Crafty code-switch puts broadcaster one up in Euro 2004 decoder battle
Sellers of illegal Cable TV decoders at the infamous Apliu Street were nowhere to be seen yesterday, after their long-suffering victim scored one over them just before the Euro 2004 soccer tournament kick-off.
Cable TV, local broadcaster of the much-anticipated soccer championship, switched its transmission code 10 minutes before the first match between Portugal and Greece began at midnight on Saturday.
Thousands of viewers using unauthorised decoders watched in dismay as scenes of the opening ceremony flicked to blank screens.
People who sold the decoders in Shamshuipo were keeping their heads down yesterday.
'I don't think you can find any of them around today, they're probably hiding somewhere,' a satellite television equipment salesman at Apliu Street said.
'I guess they're afraid of being chopped [by angry customers] after what happened.'
A South China Morning Post investigation this month found trade in illegal decoders was booming with the approach of Euro 2004, and vendors had been boasting that they would replace the smart cards installed in the decoders - which hacks the Cable TV signals - for a $100 fee whenever the broadcaster changed its signal code.
It is understood that Cable TV had not changed signals for months, but switched the code early last week. Hundreds of decoder owners subsequently took their smart cards down to Shamshuipo to update codes.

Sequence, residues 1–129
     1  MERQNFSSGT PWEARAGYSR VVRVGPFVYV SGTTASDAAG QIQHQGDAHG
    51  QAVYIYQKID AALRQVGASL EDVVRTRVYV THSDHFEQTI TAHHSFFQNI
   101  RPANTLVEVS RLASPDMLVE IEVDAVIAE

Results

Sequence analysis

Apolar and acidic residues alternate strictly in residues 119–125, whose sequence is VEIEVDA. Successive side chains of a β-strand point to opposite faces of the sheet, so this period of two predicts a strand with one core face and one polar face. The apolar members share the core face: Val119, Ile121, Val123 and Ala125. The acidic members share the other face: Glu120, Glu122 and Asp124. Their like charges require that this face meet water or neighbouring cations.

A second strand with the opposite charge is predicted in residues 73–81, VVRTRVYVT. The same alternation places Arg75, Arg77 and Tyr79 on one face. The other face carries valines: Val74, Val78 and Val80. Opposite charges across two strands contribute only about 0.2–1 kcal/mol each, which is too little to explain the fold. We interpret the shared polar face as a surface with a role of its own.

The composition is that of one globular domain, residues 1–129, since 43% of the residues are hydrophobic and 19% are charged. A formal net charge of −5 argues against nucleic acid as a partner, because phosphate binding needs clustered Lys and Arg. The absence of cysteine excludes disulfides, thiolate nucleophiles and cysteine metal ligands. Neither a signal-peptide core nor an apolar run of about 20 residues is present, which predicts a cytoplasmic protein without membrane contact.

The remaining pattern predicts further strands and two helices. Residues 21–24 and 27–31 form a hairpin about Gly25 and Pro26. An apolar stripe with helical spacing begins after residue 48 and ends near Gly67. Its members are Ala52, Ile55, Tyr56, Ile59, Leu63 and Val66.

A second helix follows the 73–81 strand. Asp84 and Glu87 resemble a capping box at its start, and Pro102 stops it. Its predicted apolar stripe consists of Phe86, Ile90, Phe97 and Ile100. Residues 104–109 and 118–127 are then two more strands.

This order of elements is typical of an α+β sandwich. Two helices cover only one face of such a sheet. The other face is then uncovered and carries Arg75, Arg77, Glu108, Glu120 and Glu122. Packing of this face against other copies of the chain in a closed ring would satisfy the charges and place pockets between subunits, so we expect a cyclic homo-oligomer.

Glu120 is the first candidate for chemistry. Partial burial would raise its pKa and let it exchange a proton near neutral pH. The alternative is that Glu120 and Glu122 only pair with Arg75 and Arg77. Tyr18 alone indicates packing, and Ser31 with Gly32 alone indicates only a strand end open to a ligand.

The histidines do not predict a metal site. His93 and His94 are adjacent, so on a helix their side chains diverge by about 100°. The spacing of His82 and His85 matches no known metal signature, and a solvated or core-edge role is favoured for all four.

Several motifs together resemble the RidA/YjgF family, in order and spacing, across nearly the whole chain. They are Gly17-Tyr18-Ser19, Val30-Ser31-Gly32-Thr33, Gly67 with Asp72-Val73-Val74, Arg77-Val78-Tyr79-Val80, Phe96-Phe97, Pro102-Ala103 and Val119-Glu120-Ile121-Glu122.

However, a Cable TV spokeswoman yesterday played down the timing of the code change, maintaining that signals were switched at irregular intervals.
'We've also changed signals before football or other special events in the past,' she said. 'As for whether [Saturday's] change was strategic, of course we hope it would be help [stamp out illegal decoders].'
The spokeswoman declined to confirm speculation that Cable TV planned to change signals before this morning's big match between England and France and every day during Euro 2004.
It is not illegal for private homes to install unauthorised decoders - priced between $885 and $1,200 - under Hong Kong laws. But it is illegal to sell them.
It was understood that a small number of illegal-decoder users, who connected their boxes to central satellite dishes at their apartment buildings, were not affected by Cable TV's signal change on Saturday night.